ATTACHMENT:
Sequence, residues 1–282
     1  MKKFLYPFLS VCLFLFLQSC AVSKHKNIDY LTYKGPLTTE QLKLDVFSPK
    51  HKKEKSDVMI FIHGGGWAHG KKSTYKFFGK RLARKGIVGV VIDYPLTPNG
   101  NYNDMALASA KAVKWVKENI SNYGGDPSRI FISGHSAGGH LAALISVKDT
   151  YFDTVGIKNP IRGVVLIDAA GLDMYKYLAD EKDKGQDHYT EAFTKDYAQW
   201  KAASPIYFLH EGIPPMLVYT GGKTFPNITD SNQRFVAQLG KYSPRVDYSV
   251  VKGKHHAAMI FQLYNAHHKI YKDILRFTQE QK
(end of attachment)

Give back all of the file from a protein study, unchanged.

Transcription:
Sequence, residues 1–282
     1  MKKFLYPFLS VCLFLFLQSC AVSKHKNIDY LTYKGPLTTE QLKLDVFSPK
    51  HKKEKSDVMI FIHGGGWAHG KKSTYKFFGK RLARKGIVGV VIDYPLTPNG
   101  NYNDMALASA KAVKWVKENI SNYGGDPSRI FISGHSAGGH LAALISVKDT
   151  YFDTVGIKNP IRGVVLIDAA GLDMYKYLAD EKDKGQDHYT EAFTKDYAQW
   201  KAASPIYFLH EGIPPMLVYT GGKTFPNITD SNQRFVAQLG KYSPRVDYSV
   251  VKGKHHAAMI FQLYNAHHKI YKDILRFTQE QK